It has been well over a year since the last Reserve Bank of Australia (RBA) rate change took place and the question on everyone’s mind is, when will interest rates rise in Australia? A combination of economic growth, wages and inflation are forecasted by economists to bounce back to a healthy level, which may see the RBA lift the rate.
There has been talk that rate rises are likely to happen in the back half of 2018. Ms Auld, JP Morgan’s chief economist, disagrees commenting “Until we see higher wages, the Reserve Bank can’t be confident about getting inflation back to target, so this whole story of rate hikes feels a long way off ,” Domain reported at the end of last year. Similarly Chief economist at Westpac, Bill Evans commented that most are saying 1 or 2 rises in late 2018, but he predicts no rate changes for the next 3 years. Rate rises are set to hurt Sydney mortgage holders the most with the median mortgage in NSW being $456,100 according to ABS data released in November 2017.
Meanwhile, the RBA isn’t giving any hints as to when the rise will happen as it’s likely this will send the Aussie dollar higher, hurting exports and affecting the strength of the economy which the RBA is trying to avoid.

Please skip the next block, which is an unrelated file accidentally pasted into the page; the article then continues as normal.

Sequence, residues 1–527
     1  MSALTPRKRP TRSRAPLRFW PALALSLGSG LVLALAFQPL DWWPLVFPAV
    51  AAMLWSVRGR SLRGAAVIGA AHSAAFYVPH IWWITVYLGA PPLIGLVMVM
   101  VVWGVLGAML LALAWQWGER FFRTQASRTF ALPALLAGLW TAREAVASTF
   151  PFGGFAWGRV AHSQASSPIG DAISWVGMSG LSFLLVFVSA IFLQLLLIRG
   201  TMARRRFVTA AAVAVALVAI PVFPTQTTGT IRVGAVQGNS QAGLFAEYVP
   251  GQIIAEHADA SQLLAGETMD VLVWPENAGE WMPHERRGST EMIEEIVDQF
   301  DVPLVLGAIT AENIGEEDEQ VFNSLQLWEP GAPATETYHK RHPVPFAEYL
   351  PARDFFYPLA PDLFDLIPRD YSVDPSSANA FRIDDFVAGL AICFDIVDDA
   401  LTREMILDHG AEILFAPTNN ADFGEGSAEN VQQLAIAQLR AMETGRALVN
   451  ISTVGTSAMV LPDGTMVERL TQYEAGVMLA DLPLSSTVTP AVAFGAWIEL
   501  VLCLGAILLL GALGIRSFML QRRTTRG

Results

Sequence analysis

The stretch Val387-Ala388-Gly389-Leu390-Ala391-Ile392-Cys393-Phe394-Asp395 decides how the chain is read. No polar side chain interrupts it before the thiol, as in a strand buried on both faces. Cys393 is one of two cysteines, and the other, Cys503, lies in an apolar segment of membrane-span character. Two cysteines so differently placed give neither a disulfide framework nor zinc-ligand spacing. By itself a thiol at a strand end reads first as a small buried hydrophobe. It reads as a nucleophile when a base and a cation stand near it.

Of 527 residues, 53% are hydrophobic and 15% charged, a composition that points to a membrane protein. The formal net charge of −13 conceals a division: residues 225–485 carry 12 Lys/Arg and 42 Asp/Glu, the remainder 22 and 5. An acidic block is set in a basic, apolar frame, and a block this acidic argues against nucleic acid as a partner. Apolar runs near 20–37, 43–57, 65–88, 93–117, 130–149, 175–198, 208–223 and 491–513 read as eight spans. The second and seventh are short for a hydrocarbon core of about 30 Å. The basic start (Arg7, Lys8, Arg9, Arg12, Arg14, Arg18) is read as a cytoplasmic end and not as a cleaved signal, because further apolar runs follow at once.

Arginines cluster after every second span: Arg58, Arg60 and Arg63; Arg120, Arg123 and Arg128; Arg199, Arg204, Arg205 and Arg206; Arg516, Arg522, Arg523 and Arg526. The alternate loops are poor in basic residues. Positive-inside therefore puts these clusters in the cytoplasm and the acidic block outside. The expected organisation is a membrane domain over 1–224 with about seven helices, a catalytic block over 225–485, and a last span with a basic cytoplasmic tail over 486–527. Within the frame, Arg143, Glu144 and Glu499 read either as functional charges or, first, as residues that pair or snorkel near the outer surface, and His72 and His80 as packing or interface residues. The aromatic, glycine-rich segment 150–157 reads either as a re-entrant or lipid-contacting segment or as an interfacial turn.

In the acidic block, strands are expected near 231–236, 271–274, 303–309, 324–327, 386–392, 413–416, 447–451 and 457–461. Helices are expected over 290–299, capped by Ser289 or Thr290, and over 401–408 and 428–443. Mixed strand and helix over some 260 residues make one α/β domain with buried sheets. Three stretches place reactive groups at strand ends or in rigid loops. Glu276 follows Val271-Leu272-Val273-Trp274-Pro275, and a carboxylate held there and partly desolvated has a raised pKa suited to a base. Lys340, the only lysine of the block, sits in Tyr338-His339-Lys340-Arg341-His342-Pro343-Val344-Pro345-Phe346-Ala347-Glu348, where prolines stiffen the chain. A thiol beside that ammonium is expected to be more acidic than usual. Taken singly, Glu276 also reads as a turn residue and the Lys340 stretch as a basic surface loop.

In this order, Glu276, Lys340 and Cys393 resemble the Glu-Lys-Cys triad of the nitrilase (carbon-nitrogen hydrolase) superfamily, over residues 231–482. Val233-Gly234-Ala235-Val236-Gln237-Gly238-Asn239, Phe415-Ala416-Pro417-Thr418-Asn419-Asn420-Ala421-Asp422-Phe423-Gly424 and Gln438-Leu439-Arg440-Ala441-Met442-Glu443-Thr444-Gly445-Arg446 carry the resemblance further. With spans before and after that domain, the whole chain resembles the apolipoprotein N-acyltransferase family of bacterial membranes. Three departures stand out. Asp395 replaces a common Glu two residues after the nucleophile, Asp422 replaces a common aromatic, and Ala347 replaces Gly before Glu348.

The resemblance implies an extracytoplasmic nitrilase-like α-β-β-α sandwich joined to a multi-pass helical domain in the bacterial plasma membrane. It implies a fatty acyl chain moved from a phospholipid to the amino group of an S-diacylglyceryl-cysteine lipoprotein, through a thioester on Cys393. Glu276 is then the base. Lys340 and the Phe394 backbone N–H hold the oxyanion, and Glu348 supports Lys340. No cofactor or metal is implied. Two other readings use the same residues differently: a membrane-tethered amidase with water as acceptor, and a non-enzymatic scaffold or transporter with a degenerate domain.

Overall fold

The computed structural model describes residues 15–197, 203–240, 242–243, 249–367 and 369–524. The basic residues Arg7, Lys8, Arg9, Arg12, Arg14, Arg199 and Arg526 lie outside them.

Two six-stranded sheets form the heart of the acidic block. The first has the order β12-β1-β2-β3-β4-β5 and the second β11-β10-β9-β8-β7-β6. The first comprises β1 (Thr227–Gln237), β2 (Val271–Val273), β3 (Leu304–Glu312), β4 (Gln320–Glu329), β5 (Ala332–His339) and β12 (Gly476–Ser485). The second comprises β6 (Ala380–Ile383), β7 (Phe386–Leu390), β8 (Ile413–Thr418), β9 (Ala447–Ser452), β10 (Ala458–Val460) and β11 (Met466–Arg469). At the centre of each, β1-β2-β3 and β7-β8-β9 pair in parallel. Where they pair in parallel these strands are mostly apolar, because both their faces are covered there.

And while low interest rates are in play, first home buyers are more likely to be able to enter the property market. Domain reported this month that ME Bank Head of Loans, Patrick Nolan, commented “They will continue to benefit from competitive interest rates, new concessions (if eligible) and ample apartment stock, although checks should always be made to ensure quality buys.”
Although first home buyers still often need assistance with a deposit to enter the market, once they are in the market “low interest rates mean that repayments are affordable” economists Mr Gradwell and Ms Masters also commented in an article from Domain in December last year.
Slight upward trends in rates combined with historical low interest rates, is prompting many clients to discuss the options available with fixed rates. Regardless of what the RBA decide, banks and lenders aren’t obligated to pass on the rate cut to their customers, which makes it even more important to engage a broker so customers can be sure they are getting a competitive deal and comparing what the big four are offering as well as all the small lenders out there.